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dc.contributor.authorWang, Jinxia
dc.contributor.authorSun, Xiaoying
dc.contributor.authorLu, Jiachen
dc.contributor.authorDou, HaoRan
dc.contributor.authorLei, Yi
dc.date.accessioned2021-07-12T10:04:41Z
dc.date.available2021-07-12T10:04:41Z
dc.date.issued2021
dc.identifier.citationWang, J., Sun, X., Lu, J., Dou, H., & Lei, Y. (2021). Generalization gradients for fear and disgust in human associative learning. <i>Scientific Reports</i>, <i>11</i>, Article 14210. <a href="https://doi.org/10.1038/s41598-021-93544-7" target="_blank">https://doi.org/10.1038/s41598-021-93544-7</a>
dc.identifier.otherCONVID_98990753
dc.identifier.urihttps://jyx.jyu.fi/handle/123456789/77099
dc.description.abstractPrevious research indicates that excessive fear is a critical feature in anxiety disorders; however, recent studies suggest that disgust may also contribute to the etiology and maintenance of some anxiety disorders. It remains unclear if differences exist between these two threat-related emotions in conditioning and generalization. Evaluating different patterns of fear and disgust learning would facilitate a deeper understanding of how anxiety disorders develop. In this study, 32 college students completed threat conditioning tasks, including conditioned stimuli paired with frightening or disgusting images. Fear and disgust were divided into two randomly ordered blocks to examine differences by recording subjective US expectancy ratings and eye movements in the conditioning and generalization process. During conditioning, differing US expectancy ratings (fear vs. disgust) were found only on CS-, which may demonstrated that fear is associated with inferior discrimination learning. During the generalization test, participants exhibited greater US expectancy ratings to fear-related GS1 (generalized stimulus) and GS2 relative to disgust GS1 and GS2. Fear led to longer reaction times than disgust in both phases, and the pupil size and fixation duration for fear stimuli were larger than for disgust stimuli, suggesting that disgust generalization has a steeper gradient than fear generalization. These findings provide preliminary evidence for differences between fear- and disgust-related stimuli in conditioning and generalization, and suggest insights into treatment for anxiety and other fear- or disgust-related disorders.en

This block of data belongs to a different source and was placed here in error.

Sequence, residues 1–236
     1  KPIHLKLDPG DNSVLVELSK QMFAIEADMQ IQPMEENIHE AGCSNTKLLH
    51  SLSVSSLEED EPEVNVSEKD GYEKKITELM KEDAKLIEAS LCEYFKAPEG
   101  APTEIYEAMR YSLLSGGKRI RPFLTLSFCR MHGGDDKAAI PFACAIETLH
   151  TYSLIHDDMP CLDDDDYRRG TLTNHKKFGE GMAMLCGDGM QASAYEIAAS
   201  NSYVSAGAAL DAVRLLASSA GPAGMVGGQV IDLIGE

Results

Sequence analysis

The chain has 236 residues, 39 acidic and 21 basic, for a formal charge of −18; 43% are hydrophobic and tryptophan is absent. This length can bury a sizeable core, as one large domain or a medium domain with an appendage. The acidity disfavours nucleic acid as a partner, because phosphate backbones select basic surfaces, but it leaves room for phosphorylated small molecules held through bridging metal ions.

dc.format.mimetypeapplication/pdf
dc.language.isoeng
dc.publisherSpringer Science and Business Media LLC
dc.relation.ispartofseriesScientific Reports
dc.rightsCC BY 4.0
dc.titleGeneralization gradients for fear and disgust in human associative learning
dc.typearticle
dc.identifier.urnURN:NBN:fi:jyu-202107124284
dc.contributor.laitosPsykologian laitosfi
dc.contributor.laitosDepartment of Psychologyen
dc.type.urihttp://purl.org/eprint/type/JournalArticle
dc.description.reviewstatuspeerReviewed
dc.relation.issn2045-2322
dc.relation.volume11
dc.type.versionpublishedVersion
dc.rights.copyright© The Author(s) 2021
dc.rights.accesslevelopenAccessfi
dc.subject.ysoinho
dc.subject.ysopelko
dc.subject.ysoahdistus
dc.subject.ysohoitomenetelmät
dc.subject.ysomielenterveyshäiriöt
dc.subject.ysoehdollistaminen
dc.subject.ysotunteet
dc.subject.ysoahdistuneisuushäiriöt
dc.subject.ysooppiminen
dc.format.contentfulltext
jyx.subject.urihttp://www.yso.fi/onto/yso/p16265
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jyx.subject.urihttp://www.yso.fi/onto/yso/p392
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jyx.subject.urihttp://www.yso.fi/onto/yso/p21091
jyx.subject.urihttp://www.yso.fi/onto/yso/p2945
dc.rights.urlhttps://creativecommons.org/licenses/by/4.0/
dc.relation.doi10.1038/s41598-021-93544-7
jyx.fundinginformationThis work was supported by the National Natural Science Foundation of China [Grant NO. 31871130]; Shenzhen-Hong Kong Institute of Brain Science-Shenzhen Fundamental Research Institutions (2019SHIBS0003; 2021SHIBS0003); Guangdong Key Project in “Development of new tools for diagnosis and treatment of Autism” (2018B030335001).


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